Not only do they not buy seed or calf nipples, Adam and Ron don’t buy grain. Due to cost and their beliefs that cows are meant to eat only grass, the grain scoop was ratcheted down over time. Grain was entirely eliminated in 2007, long before grass-milk gained acclaim. In fact, it was only two years ago that they were able to join a grass-milk route.

Since Organic Valley maintains its own internal grass-milk standards, Holterholm Farm is not required to have any additional grass-milk certifications. “I am though, one hundred percent in favor of a grass-fed standard across the United States,” Ron said. “I do hope the standards are administered through our organic certifier rather than a new and separate third-party verification structure.” (They are certified organic by Maryland’s Department of Agriculture.)

The milk cows and nurse cows are rotationally grazed on the home farm. Weanlings and bred heifers are grazed in a separate rotation two-miles down the road. Describing the layout of the pasture system Ron said, “It’s about a mile from one end of the farm to other and pretty much rectangular in shape. There is a major laneway that splits the farm in half and most of our paddocks are accessed from that center lane.” Dominant pasture species are orchard grass, blue grass, and fescue.

DM roller

The high tensile perimeter fencing is two strands of 12.5-gauge wire. Interior fences are single strand 12.5-gauge wire and paddocks are further divided by single strands of poly-wire. 1 ¼” water lines run along the major laneway with a valve at every gate post. Water tubs are 55-gallon barrels cut in half, fitted with Jobe float valves.

The milk cows access a “salad bar” style mineral feeder on their way into and out of the parlor. There are 16 options available; the minerals come from Free Choice Enterprises. “The cows have the opportunity to pick or choose what they need,” Ron explained. “It’s amazing how they decide what they want and how it has changed over the years.” The nurse cow and heifer groups access their minerals from portable mineral feeders (made by Free Choice Enterprises).

In the spring and early summer Ron pre-clips with a doublebladed 9-foot I&J sickle bar mower leaving 5-6 inches of stubble. The German-made mower is powered by a 35-horse tractor. “It’s almost fun,” Ron said. He went to say, “I am not a tractor guy. I would rather do it with cows or by hand.”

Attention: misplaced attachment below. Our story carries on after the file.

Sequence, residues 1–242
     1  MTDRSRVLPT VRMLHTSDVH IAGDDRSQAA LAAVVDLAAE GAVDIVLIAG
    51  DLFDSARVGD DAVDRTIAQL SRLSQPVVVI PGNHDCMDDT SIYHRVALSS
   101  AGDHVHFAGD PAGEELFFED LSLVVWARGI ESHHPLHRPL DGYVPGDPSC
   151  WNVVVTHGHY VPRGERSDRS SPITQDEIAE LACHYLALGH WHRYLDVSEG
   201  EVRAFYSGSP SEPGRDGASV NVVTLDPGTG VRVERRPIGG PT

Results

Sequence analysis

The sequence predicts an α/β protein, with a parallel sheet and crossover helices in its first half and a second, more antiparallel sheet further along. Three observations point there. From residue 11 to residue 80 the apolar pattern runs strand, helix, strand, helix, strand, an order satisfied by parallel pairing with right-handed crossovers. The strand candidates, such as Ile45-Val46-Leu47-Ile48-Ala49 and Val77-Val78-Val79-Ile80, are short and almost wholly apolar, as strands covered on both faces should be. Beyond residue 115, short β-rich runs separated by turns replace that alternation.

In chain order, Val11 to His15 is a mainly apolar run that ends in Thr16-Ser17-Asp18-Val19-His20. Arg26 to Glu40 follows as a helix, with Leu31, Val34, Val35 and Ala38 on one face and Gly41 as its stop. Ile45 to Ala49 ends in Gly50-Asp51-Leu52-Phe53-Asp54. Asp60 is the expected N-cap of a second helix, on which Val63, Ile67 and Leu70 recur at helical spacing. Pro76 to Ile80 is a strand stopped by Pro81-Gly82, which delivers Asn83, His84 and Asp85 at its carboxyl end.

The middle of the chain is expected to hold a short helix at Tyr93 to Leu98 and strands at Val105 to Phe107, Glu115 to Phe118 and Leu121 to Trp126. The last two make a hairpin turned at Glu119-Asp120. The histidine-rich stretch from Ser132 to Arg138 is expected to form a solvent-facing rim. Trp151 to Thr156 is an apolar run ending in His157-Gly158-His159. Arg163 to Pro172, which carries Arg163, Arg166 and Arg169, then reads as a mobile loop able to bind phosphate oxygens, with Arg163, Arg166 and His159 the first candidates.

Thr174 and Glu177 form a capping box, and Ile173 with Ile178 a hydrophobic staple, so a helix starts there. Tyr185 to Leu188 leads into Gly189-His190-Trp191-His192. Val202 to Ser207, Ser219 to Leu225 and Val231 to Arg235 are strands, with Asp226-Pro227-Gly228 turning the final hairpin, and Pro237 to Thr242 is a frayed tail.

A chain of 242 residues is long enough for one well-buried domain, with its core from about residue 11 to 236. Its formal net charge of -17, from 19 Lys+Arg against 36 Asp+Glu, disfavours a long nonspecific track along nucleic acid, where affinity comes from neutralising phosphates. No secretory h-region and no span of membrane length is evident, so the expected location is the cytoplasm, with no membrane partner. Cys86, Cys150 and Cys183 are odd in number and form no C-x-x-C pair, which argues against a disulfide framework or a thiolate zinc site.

In mid-June (when Ron was interviewed for this article) the milk cows were moving quickly through the pasture system, receiving three acres of pre-clipped pasture in the morning and three at night. “We don’t follow a particular grazing pattern,” Ron said. “We’re skipping and moving all over the place. We mix it up as much as possible to increase diversity and complexity.”

Ron prefers pre-clipping because the hoof action of the cows pushes the clippings into the top layers of the soil where there is biological activity. With post-clipping,” Ron said, “the thatch stays on the top and the nutrients in that grass are lost rather than feeding the soil.”

Winter feeding

Ron continued, “This is not your manicured golf course looking type of farm. We are trying to grow hedgerows along our permanent fence lines. In doing so, we hope to create more habitat for birds and other animals and increase biodiversity. A lot of people weed whack under fence lines but we don’t. If you keep your cows full, your fences don’t need to be functioning at their fullest strength.”

By July they are usually done haying and pre-clipping. For the rest of the grazing season, Ron prefers to graze the pastures at 12-18 inches. “I try to leave one-third to one-half of every plant to begin building a stockpile over the entire farm,” Ron said. Although there is a 92-stall freestall barn from the farm’s confinement days, Ron and Adam choose to supplement the cows on pasture rather than feed them in the freestall. Ron said, “We only open the doors to the freestall for the occasional windy winter snowstorm.”

Instead, they have a New Zealand-made DML round bale unroller and the cows eat their stored feeds off the ground. They maintain this system through the winter, rotating their cows daily through the pasture system. Ideally, their winter paddocks are those from which hay was removed. This allows them to concentrate manure and forage refuse to help build soil fertility. With this method, Ron said, “At times we get impact but the land heals itself. We haven’t had to reseed.”

Cows average 6,000 pounds a lactation with butterfat averaging 5.1 and protein 3.7. Somatic cell count averages 175,000. Pay price in May was $36.79/cwt. Some might question a 6,000-pound lactation but don’t forget, Ron is no stranger to a TMR-fed cow making 20,000 pounds of milk.

“The big thing for me is what it brings to my pocket,” he said. “I would rather make a meager amount of milk with beautiful cows and make enough profit to keep us going rather than have high numbers and lose my shirt.”

Ron and Adam can be contacted at:
301-371-6101, ronholter@comcast.net